Organisation - June 1, 2006

Plant invasion

Degradation of the forests in Nepal is making it easier for the shrub Chomolaena odorata to invade. According to Dr Chudamani Joshi, remote sensing and GIS techniques can help to formulate a strategy to deal with plant invasions like this. Chomolaena odorata comes originally from Central America, but has become a plague in all tropical areas. It is a light-loving shrub that profits from deforestation. Joshi calculated that the area of forest in the Terai region of Nepal is decreasing at a rate of 1.4 percent per year. In addition, the density of the leaf canopy is not optimal in large parts of the forest, and this is an indicator of degradation. According to the researcher, GIS and remote sensing can be used to distinguish spatially between populations that produce seed from those that are not reproductive, because these techniques can show up the areas of forest that allow a lot of light through. / MW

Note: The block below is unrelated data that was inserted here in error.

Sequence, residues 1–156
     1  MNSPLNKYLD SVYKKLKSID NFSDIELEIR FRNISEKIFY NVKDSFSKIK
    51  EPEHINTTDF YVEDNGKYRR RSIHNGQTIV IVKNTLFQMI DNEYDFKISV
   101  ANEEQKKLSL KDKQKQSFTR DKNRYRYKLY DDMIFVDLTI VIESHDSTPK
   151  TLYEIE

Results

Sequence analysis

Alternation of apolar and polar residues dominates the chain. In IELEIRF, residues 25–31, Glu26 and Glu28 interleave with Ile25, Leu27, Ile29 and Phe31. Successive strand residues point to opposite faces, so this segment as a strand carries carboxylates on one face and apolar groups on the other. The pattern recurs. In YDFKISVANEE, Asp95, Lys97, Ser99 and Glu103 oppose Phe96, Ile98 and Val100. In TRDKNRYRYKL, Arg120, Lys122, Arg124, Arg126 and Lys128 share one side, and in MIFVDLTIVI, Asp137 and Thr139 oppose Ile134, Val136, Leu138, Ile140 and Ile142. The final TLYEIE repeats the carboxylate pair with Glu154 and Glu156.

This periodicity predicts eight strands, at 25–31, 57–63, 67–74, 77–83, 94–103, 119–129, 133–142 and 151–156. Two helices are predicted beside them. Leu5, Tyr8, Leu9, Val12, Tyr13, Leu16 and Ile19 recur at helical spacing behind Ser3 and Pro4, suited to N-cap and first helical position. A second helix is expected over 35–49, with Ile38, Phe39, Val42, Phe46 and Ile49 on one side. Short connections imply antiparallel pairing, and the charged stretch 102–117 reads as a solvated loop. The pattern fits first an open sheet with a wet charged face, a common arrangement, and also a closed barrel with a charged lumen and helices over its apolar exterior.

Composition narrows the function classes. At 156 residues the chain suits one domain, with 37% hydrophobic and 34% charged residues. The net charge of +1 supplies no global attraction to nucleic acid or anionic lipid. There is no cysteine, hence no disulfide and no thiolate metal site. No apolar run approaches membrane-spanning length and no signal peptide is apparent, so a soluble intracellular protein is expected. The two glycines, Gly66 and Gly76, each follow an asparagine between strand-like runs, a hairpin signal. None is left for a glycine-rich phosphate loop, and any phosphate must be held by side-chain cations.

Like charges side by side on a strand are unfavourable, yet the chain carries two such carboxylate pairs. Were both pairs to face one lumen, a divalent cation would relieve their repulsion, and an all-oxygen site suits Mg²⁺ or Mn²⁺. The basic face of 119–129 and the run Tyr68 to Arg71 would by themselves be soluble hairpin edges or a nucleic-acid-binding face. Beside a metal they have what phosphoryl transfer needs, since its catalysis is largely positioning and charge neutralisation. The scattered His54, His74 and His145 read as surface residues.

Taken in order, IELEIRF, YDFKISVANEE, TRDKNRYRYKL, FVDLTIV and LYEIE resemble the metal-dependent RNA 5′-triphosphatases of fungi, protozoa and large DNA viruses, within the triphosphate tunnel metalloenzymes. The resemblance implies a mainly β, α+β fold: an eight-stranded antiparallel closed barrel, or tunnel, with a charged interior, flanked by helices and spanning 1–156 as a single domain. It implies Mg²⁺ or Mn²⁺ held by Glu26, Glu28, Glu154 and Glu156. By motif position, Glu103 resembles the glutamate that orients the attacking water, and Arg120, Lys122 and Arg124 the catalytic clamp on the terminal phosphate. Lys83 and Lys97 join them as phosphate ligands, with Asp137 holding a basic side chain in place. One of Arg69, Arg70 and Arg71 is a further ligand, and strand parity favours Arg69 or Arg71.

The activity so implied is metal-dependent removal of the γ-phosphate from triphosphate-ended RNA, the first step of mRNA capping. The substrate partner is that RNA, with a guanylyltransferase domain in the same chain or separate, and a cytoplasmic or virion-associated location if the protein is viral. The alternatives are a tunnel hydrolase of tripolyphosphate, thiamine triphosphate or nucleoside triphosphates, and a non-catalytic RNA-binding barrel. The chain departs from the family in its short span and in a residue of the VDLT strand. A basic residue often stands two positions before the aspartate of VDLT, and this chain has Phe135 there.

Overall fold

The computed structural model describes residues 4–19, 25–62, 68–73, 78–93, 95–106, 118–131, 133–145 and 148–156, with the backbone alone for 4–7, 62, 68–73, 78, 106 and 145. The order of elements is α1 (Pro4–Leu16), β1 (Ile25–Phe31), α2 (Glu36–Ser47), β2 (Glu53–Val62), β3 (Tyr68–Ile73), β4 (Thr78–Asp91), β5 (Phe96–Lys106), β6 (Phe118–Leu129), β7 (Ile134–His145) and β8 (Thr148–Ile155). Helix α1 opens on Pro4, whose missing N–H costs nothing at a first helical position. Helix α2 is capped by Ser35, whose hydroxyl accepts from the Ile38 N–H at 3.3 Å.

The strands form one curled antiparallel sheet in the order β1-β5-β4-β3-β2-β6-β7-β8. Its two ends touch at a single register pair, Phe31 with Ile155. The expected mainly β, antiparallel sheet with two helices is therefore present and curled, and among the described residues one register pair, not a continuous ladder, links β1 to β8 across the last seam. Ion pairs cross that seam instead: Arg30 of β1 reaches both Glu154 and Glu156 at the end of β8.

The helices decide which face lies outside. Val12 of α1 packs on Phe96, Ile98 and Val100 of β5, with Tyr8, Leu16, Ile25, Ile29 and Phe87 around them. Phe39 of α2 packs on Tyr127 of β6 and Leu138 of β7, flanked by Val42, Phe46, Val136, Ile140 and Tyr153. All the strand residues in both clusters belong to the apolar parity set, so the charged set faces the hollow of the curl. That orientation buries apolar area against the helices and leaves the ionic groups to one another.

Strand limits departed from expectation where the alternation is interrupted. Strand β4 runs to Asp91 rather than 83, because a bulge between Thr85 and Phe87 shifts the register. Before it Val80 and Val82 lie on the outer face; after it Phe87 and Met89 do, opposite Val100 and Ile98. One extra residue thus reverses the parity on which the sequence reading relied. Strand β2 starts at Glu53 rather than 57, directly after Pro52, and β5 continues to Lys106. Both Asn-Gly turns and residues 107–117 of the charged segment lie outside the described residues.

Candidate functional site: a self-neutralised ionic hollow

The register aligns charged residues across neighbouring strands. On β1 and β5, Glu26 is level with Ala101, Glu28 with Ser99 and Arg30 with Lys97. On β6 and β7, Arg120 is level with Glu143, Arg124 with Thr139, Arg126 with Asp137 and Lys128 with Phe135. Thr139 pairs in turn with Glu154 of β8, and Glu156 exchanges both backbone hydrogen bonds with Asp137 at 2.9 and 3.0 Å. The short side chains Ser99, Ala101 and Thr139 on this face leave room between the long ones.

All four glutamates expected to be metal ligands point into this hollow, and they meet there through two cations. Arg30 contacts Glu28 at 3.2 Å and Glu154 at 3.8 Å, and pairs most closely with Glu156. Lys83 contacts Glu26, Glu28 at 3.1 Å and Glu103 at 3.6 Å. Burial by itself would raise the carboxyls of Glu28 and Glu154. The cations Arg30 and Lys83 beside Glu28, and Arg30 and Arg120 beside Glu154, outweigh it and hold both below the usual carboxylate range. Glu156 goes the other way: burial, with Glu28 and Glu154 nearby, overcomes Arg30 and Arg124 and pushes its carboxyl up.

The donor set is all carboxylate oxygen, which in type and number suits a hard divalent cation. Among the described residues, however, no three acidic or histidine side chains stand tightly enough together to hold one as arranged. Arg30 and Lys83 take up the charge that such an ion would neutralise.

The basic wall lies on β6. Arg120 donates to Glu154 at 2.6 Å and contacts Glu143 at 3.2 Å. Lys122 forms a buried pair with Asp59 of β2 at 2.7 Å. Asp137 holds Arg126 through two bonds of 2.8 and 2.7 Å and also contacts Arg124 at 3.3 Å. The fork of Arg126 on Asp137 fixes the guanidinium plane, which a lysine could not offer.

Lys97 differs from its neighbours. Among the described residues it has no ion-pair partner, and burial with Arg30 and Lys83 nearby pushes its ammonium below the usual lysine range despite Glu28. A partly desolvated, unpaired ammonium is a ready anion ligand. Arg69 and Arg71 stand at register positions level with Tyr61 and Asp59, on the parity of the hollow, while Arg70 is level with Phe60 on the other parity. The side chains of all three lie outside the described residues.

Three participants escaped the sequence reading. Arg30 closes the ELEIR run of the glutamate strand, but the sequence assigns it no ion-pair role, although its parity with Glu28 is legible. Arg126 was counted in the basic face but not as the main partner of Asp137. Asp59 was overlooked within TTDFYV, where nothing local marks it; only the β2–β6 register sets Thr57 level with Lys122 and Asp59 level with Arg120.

Re:act